The ground controllers seemed confused:

We don’t know what is happening now, it’s heading straight for our Island [Sakhalin]…this looks very suspicious to me…”

          The Commander of Air Defense, Far East, General Kamenski asks a rational question:

“…[should we] destroy it even if it is over neutral waters? Are the orders to destroy it over neutral waters?…”  

Base Commander at Sakhalin, General Kornukov, orders the interceptors not to approach from the rear because

“… Don’t forget it [target]  has cannons in the rear…”,

although the interceptors were not yet close enough to identify the flight in the darkness. Again Kornukov urges the fighters to speed up since the target is approaching the neutral zone.

          KAL 007 reports strong headwinds to ATC (possibly the cause for the off course condition). The Soviet fighters are reporting target’s course as 240 (not the intended 220).

          The aircraft was a Boeing 747, somewhat similar in appearance to a US Air Force RC-135. The flight was showing all its navigation lights and a blinking beacon. KAL 007 does not have transponders set to respond to Soviet fighter’s interrogation. The lead Soviet pilot informs ground controllers he sees a blinking beacon but in the darkness cannot identify the “target”.

          At 9:11 a.m. as the fighters are vectored in, the KAL crew is talking about exchanging money at the destination airport, and what is the exchange rate from Dollars to Korean.

          One Soviet General (Kamenski) is reacting with good sense despite the heat of the moment:

“We must find out, maybe it is some civilian craft or God knows who.”

He is contradicted by the Sakhelin Base Commander, General Kornukov:

What civilian? It has flown over Kamchatka! It came from the ocean without identification. I am giving the order to attack if it crosses the State border… the fighter is locked on at 6 km range…the target is not responding to identify…”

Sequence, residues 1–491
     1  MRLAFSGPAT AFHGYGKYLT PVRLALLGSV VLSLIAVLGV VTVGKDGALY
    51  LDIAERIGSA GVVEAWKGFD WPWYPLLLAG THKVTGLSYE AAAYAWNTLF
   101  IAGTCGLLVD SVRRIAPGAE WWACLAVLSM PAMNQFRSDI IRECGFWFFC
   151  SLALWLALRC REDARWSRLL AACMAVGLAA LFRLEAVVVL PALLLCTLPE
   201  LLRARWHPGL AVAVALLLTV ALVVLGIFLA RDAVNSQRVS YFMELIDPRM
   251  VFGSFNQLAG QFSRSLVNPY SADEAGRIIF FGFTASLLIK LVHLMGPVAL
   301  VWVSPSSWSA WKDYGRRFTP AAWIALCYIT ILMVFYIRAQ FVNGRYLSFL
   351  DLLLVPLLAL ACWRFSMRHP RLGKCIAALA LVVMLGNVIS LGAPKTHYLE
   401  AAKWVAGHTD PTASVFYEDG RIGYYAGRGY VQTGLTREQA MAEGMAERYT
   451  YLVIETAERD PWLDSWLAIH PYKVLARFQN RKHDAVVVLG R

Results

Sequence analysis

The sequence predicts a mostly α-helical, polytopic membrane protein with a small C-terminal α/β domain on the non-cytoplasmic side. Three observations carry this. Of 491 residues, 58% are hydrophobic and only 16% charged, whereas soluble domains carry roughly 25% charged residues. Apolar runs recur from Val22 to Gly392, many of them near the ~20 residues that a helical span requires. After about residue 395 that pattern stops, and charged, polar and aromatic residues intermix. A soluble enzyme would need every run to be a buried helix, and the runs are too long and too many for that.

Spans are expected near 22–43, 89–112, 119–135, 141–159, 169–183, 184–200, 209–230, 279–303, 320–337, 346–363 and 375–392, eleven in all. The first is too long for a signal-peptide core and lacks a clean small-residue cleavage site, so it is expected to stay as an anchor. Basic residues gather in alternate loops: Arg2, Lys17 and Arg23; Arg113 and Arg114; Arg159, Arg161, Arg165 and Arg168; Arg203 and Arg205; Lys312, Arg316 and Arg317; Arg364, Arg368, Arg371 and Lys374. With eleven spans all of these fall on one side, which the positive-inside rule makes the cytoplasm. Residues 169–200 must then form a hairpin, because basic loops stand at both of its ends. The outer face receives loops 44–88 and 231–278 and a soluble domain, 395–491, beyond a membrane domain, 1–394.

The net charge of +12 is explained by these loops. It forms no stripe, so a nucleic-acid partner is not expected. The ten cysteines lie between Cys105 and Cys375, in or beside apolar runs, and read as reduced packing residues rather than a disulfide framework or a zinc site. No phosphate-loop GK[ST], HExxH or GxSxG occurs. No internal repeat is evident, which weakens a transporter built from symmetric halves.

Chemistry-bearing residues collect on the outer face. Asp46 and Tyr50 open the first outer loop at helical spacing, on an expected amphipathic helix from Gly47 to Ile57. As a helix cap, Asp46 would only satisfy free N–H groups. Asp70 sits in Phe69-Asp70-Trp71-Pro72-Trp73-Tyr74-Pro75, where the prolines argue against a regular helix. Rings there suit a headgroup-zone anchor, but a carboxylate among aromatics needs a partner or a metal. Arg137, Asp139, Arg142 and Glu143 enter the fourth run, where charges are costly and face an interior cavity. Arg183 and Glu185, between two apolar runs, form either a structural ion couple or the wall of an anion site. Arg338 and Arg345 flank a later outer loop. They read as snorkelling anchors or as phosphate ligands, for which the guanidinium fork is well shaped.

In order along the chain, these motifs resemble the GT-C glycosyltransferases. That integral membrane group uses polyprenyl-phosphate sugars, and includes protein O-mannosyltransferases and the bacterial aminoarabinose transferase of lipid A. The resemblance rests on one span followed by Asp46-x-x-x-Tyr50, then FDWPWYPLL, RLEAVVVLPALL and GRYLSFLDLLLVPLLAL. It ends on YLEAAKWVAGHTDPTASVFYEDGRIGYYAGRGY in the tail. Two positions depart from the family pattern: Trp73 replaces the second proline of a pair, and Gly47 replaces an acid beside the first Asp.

9:14 pm, KAL 007 request an altitude change to level 350 due to winds. Tokyo ATC gives permission for level 330.

          9:15 Colonel Maistrenko, the Ops Duty Officer at Combat Control, attempts a moment of sanity:

“…[target] may be a passenger aircraft. All necessary steps must be taken to identify it…”

His answer is “Identification measures are being taken, but the pilot cannot see. It’s dark. Even now it’s still dark…”

Maistrenko replies “Well, okay. The task is correct. If there are no lights-it cannot be a passenger aircraft.”

This despite the fighter reporting seeing a beacon. Also the pilots were never asked whether navigation lights were showing.

          The lead fighter is at 2 km locked on with armed missiles. Suddenly 007 begins to climb for altitude change and consequently loses airspeed. The fighter jet loses position and falls behind. He has to maneuver for a better shot angle.

          Base Commander Kornukov gets angry. “…cut the horseplay at the command post, what is the noise I hear there? I repeat the order. Fire Missiles, fire on the target…”

He changes controllers to the second fighter, a Mig 23:

“Comply and get Tarasov in there…take control of the Mig 23…destroy the target !”